As one of the College’s first surgical tutors and a regional adviser, he was elected to the Council in 1970, and as President on Bastille Day (14 July) in 1977. He devoted himself with his customary vigour to that office: he was frequently controversial, loyally adherent to his principles, acerbic but amusing, argumentative but endearing, and, above all, devoted to the College and its history. He was an accomplished public speaker and punctiliously disciplined in keeping to his allotted time span, which was remarkable given that he was an inveterate chatterer who attempted to dominate every conversation.

Much as he enjoyed his three years as President, he came to feel in his latter years that his most important contribution to the College was his eight years as Chairman of the Board of Trustees of the Hunterian collection. John Hunter, the founder of scientific surgery, was Murley’s hero and his devotion to the collection of Hunter’s specimens knew no limits. Ever alert to the slightest whiff of a threat, he fiercely opposed any attempt to diminish the importance of Hunter in the College’s scheme of priorities. During a particularly difficult period, when his health was already in decline, he earned the unfailing support of the elected trustees during a long period of arduous meetings and only relinquished the chair when he felt that the ship was in calmer waters once more.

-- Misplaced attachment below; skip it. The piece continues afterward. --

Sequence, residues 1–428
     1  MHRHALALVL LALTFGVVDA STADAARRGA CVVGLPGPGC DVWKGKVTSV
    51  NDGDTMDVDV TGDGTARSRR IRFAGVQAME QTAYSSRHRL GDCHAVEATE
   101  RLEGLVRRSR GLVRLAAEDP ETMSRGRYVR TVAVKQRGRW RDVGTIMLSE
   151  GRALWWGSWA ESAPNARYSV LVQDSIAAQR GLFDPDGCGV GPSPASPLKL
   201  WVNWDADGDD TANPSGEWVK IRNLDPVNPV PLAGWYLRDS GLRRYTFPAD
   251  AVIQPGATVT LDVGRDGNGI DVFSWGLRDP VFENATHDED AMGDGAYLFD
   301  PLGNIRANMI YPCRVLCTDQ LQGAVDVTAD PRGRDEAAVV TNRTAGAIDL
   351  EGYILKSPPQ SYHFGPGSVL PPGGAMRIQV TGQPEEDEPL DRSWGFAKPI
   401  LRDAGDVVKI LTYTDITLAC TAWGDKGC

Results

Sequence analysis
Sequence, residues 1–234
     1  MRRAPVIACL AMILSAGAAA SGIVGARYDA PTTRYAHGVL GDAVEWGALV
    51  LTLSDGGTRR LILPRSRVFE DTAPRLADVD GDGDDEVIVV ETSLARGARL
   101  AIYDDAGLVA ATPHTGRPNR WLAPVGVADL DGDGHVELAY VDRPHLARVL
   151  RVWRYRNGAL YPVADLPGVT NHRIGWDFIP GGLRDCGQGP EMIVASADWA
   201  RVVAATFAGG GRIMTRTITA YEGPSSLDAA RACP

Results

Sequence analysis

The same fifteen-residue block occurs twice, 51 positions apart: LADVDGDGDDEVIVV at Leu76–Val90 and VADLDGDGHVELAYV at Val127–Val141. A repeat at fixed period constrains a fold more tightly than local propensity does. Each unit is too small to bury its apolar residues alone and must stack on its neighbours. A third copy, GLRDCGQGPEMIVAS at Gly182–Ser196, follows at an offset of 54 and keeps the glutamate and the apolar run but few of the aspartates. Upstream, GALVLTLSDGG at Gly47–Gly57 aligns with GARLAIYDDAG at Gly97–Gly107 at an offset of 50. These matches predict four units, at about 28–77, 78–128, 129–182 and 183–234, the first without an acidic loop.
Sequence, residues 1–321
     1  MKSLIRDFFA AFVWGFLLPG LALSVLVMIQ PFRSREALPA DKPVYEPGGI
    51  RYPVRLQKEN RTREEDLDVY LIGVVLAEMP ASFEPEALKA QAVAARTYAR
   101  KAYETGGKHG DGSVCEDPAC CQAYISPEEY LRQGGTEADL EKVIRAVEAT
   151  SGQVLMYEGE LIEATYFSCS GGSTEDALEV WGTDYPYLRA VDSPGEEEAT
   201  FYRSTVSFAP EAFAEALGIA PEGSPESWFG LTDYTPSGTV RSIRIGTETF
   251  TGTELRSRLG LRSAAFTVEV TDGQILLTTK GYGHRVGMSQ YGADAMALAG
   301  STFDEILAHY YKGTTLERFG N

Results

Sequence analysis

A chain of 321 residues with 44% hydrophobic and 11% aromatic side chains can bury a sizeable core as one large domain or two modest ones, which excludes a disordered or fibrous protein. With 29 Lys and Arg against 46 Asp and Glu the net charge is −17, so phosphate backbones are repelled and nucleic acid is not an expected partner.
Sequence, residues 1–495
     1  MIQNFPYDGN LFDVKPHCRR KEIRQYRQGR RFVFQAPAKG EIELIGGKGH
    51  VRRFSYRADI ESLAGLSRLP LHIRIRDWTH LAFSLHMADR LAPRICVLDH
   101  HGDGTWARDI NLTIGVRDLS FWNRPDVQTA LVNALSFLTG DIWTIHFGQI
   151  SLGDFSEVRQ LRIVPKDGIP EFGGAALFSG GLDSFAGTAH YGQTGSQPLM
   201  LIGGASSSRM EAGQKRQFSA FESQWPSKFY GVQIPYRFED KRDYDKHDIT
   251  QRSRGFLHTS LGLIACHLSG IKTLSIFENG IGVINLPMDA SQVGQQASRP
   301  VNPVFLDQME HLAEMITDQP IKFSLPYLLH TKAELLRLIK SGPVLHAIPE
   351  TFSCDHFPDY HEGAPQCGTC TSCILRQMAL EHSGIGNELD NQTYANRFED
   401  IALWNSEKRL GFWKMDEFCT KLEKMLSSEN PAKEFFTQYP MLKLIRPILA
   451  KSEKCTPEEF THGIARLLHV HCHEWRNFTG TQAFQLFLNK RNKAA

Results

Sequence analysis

Reggie’s appointment to the 1st Cavalry Division in 1939 was apposite, for this ambience suited his attributes well, and he remained a cavalryman at heart throughout his life. With his booming, resonant voice, accompanied by a hearty guffaw, staff and patients alike became aware of his arrival long before he appeared in person. Not for him the constraints of devious Machiavellian diplomacy which he generally termed ‘pussy-footing around’. He remained firmly wedded to the Cardigan principle of a full-blooded frontal assault, sabre drawn, no matter how great the odds. It was these very qualities which made him such a steadfast ally and stalwart opponent: no one was left long to linger in anguished doubt as to the respective camp to which they had been assigned.

Reggie was without question a member of that rapidly dwindling band of men known as ‘characters’: a quality composed of a judicious mixture of intelligence, ability and individuality; difficult to define but instantly recognisable features common to many men who made our country great and now in very short supply.

In 1947, he married Daphne Butler née Garrod who had been twice widowed in the war; he inherited a step daughter, Susan, and they had a further two daughters, Jennifer and Hilary, and three sons, David, Gavin and Anthony. There are nine grandchildren. Sadly his final years were clouded by steadily progressive disability and he died on 2 October 1997.

Sources used to compile this entry: [The Times 24 October 1997; BMJ 1998 316 868, with portrait; The Daily Telegraph 23 October 1997].

The Royal College of Surgeons of England